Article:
Somehow, a century later, some of the same Americans who hope to be seen and heard in this critical election year, are those who are clambering to tear down and rob Black women and girls of their humanity — perhaps as a more facile means of validating and propelling themselves. This collective attitude towards Black women and girls — and the objectification of them to gain more attention — has been happening in almost every corner of the Internet since the beginning of social media. Case in point: back in October 2014, Josh Ostrovsky (widely known as The Fat Jewish) suggested Blue Ivy Carter resembled a criminal. She was two years old at the time. 

There have been countless reports condemning this type of “adultification” of Black girls, as it causes us to collectively discount their innocence and turn a blind eye toward atrocities like the ones Kelly committed. As Jovante Cunningham, Kelly’s backup singer, stated in ‘The Reckoning,’ “We’re grown girls, but we’re still little girls that cry silently.”

For years though, we’ve allowed bad actors ranging from Ostrovsky to Kelly to bloat with fame, wealth, and success at the expense of Black girls. Since his posting, Ostrovsky has developed a social media platform that exceeds 10 million followers and launched his own line of wines, named White Girl Rosé, ostensibly an ode to the women he does deem worthy of celebration. To date, Ostrovsky still has not removed the post. 

Attacks on Blue Ivy’s evident African features continue and can be found online as recently as two days ago when two journalists suggested the 7-year-old was an “ugly duckling” in hopes they’d secure a few retweets and laughs.

The Ostrovsky model of attacking Black women for clout has been reapplied more times than the Kardashian/Jenner family’s bronzer (a group almost as infamous as the original KKK, for terrorizing Black women by routinely robbing their physical and intellectual property and evading conviction).

At this point, it has become part of a formulaic approach to amassing a social following. Just last week, singer Ari Lennox filmed a tearful Instagram Live video in response to a Black man’s tweet that suggested she and singer Teyana Taylor resemble dogs. His tweet garnered thousands of responses and think pieces.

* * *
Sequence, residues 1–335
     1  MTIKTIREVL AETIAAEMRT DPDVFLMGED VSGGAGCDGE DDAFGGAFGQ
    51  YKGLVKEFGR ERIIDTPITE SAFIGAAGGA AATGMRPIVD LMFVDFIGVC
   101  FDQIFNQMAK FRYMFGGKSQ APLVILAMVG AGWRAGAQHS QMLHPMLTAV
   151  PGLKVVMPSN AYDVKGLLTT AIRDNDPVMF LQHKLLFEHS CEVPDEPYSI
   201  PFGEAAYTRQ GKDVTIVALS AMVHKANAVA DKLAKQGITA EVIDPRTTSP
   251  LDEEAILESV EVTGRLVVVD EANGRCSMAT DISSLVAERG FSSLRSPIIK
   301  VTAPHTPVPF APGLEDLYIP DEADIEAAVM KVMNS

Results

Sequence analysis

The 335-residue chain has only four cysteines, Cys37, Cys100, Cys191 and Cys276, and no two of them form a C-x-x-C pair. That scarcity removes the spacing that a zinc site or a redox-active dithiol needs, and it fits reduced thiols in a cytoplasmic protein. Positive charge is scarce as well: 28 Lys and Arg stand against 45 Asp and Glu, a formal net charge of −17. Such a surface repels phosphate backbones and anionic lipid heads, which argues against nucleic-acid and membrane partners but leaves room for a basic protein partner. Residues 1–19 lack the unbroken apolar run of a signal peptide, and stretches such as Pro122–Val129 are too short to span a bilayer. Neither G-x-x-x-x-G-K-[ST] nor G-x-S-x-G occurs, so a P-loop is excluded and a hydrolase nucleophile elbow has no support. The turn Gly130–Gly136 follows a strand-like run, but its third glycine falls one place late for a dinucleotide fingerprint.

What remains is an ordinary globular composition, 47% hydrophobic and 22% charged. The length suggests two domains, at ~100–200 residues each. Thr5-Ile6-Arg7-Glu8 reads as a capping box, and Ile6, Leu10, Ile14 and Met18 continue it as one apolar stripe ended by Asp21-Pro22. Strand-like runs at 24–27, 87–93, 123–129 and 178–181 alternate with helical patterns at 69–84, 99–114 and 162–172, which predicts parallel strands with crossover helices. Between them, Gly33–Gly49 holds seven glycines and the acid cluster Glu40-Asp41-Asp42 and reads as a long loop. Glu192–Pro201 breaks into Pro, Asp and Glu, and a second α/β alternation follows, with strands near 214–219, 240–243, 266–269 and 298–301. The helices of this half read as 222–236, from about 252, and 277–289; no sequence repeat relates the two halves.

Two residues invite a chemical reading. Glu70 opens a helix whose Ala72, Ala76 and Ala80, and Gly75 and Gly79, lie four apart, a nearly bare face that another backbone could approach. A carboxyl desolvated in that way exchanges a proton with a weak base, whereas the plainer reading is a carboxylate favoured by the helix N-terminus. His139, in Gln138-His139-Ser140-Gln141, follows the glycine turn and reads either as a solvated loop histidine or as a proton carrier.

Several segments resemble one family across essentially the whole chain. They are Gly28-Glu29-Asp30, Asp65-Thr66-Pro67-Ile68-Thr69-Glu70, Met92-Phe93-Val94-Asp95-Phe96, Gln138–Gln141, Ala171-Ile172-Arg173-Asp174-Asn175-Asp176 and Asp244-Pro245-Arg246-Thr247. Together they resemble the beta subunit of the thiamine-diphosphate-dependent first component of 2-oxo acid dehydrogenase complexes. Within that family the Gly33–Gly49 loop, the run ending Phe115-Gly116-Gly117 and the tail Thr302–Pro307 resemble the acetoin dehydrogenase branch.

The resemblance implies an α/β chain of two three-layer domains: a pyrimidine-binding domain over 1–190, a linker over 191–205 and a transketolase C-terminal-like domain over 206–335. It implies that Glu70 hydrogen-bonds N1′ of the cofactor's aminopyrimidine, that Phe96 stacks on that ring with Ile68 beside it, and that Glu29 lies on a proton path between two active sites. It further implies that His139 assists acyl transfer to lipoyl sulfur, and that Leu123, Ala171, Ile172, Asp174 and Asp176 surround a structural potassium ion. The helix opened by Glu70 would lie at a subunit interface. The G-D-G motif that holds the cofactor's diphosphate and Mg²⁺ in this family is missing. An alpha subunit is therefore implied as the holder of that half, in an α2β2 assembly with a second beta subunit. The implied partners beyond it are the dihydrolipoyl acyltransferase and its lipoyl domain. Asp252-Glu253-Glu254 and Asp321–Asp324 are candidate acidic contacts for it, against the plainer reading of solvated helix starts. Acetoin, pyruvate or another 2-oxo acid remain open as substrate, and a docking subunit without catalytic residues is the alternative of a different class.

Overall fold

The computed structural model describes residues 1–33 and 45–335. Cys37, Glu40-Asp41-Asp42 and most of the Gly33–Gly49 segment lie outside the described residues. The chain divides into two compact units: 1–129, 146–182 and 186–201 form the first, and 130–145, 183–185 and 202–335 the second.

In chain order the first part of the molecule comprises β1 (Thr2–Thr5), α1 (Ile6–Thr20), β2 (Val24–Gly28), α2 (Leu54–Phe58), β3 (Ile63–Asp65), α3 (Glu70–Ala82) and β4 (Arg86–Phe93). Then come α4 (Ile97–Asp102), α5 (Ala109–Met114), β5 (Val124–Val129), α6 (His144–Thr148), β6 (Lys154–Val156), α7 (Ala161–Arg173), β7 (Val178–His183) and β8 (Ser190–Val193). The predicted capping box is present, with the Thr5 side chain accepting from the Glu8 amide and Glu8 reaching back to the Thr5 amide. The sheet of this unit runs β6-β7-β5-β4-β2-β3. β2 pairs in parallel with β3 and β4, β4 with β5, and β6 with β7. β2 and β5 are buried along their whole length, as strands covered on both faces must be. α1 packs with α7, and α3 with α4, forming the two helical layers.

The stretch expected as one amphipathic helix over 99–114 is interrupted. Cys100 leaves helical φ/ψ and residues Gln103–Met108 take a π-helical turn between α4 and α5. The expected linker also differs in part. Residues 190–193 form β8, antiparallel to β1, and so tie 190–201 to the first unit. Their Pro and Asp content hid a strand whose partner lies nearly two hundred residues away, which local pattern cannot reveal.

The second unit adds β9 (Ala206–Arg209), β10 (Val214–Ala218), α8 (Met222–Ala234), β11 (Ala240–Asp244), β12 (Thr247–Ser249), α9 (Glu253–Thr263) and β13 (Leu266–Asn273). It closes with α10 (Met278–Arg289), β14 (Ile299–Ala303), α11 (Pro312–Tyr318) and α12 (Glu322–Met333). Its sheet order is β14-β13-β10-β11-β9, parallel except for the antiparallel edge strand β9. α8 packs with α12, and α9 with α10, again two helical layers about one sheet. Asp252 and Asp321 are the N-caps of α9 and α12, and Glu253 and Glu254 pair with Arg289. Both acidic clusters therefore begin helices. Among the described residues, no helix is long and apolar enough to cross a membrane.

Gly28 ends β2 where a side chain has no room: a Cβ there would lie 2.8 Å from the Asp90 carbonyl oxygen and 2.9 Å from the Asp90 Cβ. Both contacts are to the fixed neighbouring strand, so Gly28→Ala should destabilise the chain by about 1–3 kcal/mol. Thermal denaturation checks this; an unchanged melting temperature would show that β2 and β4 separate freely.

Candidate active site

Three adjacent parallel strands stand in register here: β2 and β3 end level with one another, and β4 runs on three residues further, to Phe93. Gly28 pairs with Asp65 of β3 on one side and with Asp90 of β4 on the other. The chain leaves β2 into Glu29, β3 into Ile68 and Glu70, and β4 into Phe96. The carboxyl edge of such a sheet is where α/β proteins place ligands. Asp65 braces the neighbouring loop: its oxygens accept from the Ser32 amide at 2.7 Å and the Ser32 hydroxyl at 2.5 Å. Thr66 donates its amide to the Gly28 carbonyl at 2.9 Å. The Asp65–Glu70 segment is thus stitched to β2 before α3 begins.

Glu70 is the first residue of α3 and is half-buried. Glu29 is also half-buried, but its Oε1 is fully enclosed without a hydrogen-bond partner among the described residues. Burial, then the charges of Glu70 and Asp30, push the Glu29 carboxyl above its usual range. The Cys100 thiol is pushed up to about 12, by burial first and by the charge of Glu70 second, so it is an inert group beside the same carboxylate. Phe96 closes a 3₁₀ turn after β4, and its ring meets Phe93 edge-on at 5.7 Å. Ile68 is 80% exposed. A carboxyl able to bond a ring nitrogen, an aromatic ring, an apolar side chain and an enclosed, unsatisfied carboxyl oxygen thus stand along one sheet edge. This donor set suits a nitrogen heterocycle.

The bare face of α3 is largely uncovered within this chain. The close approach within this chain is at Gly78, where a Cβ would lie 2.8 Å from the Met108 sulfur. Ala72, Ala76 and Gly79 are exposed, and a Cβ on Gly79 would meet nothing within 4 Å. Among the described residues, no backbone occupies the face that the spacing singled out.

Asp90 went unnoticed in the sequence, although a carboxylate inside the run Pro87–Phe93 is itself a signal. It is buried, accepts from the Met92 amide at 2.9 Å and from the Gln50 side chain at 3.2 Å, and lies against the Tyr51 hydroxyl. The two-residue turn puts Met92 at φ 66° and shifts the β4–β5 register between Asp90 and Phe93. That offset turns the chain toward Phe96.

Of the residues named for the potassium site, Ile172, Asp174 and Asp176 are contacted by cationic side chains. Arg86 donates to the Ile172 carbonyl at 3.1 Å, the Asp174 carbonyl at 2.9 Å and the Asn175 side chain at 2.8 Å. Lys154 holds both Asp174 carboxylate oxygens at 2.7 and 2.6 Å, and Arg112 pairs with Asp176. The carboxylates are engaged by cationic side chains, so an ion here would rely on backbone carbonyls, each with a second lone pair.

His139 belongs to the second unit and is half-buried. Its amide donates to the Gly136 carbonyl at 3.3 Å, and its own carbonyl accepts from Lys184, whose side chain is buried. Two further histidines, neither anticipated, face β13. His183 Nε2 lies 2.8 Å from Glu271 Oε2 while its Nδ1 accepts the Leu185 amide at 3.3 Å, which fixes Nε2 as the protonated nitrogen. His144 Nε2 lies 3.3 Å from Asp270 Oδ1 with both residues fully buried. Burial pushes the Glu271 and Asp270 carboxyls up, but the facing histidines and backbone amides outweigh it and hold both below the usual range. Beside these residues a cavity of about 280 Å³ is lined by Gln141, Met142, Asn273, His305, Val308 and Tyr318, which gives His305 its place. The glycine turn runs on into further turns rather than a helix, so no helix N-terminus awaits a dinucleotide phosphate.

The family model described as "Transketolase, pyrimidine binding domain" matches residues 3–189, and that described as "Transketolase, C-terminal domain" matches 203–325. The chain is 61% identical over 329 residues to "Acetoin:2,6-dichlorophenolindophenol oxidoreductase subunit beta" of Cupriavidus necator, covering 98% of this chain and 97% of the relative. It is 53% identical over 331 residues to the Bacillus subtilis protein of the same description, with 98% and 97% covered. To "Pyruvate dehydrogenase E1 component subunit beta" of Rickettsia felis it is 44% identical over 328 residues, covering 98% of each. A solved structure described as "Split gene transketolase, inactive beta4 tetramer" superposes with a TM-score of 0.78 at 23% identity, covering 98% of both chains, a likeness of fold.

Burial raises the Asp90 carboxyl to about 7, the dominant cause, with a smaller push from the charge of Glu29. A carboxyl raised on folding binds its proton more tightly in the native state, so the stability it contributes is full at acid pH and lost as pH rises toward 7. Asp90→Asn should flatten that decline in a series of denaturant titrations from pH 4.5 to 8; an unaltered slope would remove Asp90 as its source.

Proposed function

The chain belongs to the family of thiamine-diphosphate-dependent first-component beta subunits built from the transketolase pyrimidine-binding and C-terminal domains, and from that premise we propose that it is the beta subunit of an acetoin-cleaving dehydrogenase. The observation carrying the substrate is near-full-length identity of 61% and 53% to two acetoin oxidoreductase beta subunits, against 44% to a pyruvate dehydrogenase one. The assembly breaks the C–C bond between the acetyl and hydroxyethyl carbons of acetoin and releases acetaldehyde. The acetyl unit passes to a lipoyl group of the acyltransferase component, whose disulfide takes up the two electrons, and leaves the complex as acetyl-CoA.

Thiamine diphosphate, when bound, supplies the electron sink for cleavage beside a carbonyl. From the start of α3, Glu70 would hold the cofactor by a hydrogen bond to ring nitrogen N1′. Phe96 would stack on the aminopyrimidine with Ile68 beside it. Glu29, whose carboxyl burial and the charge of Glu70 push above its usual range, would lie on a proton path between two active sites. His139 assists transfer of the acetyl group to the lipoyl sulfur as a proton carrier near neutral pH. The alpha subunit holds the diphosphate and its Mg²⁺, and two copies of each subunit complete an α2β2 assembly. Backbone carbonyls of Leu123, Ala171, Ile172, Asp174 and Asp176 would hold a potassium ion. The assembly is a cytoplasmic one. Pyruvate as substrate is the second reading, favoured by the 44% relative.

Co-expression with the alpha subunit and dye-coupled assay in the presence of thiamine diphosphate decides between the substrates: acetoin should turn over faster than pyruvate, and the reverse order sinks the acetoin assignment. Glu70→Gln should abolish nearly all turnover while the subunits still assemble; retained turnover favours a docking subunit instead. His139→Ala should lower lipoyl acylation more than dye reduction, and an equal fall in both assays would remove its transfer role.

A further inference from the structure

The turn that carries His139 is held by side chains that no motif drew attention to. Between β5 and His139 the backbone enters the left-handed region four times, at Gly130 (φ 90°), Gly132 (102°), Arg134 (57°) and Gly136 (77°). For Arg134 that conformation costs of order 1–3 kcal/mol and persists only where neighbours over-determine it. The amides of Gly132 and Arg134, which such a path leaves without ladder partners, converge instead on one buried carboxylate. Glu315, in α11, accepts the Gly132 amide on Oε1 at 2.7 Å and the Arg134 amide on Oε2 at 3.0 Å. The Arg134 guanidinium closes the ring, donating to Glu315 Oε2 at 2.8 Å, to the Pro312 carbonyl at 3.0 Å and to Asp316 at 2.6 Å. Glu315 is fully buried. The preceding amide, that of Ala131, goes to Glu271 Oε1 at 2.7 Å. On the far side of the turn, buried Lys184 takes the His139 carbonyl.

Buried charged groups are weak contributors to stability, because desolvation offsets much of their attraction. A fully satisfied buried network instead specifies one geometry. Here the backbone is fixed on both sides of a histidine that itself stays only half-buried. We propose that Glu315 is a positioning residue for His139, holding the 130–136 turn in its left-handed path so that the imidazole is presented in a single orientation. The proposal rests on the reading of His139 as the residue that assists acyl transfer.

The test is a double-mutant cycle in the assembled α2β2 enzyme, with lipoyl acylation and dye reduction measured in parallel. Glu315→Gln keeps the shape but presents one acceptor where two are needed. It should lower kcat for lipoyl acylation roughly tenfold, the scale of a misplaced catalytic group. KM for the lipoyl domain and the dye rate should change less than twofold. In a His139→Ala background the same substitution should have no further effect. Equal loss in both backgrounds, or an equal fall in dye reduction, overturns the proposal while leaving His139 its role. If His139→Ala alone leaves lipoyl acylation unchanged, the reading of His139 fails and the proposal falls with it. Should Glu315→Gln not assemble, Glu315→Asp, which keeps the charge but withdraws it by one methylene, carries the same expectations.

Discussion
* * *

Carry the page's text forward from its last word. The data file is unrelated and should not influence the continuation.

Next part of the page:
The tweet lands among a mounting pile of evidence that in today’s social media world, society will not allow a Black woman or girl to be successful, talented, wealthy, attractive, an heiress, or anything else that flourishes in peace. She must be spun up into a perverse joke, sexually harassed, or mined for the collective pleasure, advancement, and validation of everyone who will never know what it means to be her. 

Still, it is not enough to point fingers at the White men and women (and, oh, don’t forget the Black men) who have long oppressed Black women despite leveraging them for gains. Among them are women like Cyn Santana and other non-white revelers (like the countless non-Black women who commented with glee on Ostrovsky’s post) who sit idly by and enjoy the juice of this sweet fruit produced by Black women (in June of 2019, Santana appeared on a podcast and intimated Black men love Latinas, presumably more than Black women). Women of various ethnic and racial backgrounds have also, for too long, sat in silence or benefitted from this unholy war. But that’s where the buck must stop. If women of other ethnic and racial groups, who have understood the pain associated with being marginalized and persecuted, join in on these attacks, then no one will be safe.

I write this piece specifically for HipLatina, then, as a call to action. It is my hope in this moment in history when there is insurmountable proof that everyone has stood on our backs — and no one has stood at our backs — that those with the privilege to do so will call a ceasefire and say “enough is enough.” We cannot do it on our own; in fact, it is not our war to fight anymore. As the beneficiaries of countless wars fought by Black women for everyone, it is now or never for our collective society to return the favor.